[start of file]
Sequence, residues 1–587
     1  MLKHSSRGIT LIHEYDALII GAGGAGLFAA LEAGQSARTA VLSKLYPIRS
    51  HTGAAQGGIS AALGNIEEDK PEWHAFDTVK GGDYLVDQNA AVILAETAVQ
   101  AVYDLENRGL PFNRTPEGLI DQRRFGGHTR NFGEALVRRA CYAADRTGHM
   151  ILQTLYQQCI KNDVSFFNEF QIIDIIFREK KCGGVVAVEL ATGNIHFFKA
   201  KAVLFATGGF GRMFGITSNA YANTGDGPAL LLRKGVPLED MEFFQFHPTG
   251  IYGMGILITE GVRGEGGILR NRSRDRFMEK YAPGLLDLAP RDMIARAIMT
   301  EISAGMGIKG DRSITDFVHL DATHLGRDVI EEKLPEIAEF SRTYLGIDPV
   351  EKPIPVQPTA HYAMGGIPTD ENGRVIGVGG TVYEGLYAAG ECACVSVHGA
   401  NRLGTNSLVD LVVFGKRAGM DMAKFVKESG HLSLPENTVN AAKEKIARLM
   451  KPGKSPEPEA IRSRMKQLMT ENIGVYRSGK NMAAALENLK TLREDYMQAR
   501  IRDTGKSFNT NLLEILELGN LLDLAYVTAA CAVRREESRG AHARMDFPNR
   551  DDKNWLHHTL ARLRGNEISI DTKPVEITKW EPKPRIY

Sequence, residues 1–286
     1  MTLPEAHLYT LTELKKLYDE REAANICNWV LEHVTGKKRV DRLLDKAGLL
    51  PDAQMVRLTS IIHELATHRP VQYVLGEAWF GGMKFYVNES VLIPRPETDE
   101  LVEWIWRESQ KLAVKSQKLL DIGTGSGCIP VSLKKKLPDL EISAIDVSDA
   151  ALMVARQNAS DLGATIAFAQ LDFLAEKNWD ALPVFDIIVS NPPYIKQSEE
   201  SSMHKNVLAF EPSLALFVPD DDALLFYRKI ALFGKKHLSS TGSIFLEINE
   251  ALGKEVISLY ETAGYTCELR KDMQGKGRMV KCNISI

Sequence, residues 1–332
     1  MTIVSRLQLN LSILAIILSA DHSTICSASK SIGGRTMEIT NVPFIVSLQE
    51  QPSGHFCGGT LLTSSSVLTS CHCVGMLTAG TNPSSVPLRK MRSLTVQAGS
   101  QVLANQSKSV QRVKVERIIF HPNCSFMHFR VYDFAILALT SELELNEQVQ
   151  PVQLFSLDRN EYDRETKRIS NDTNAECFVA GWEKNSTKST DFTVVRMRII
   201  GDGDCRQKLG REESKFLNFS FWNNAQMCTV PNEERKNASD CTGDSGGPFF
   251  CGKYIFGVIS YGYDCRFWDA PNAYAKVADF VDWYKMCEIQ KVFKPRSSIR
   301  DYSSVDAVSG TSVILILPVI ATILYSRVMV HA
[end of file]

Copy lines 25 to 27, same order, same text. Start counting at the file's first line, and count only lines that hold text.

   151  PVQLFSLDRN EYDRETKRIS NDTNAECFVA GWEKNSTKST DFTVVRMRII
   201  GDGDCRQKLG REESKFLNFS FWNNAQMCTV PNEERKNASD CTGDSGGPFF
   251  CGKYIFGVIS YGYDCRFWDA PNAYAKVADF VDWYKMCEIQ KVFKPRSSIR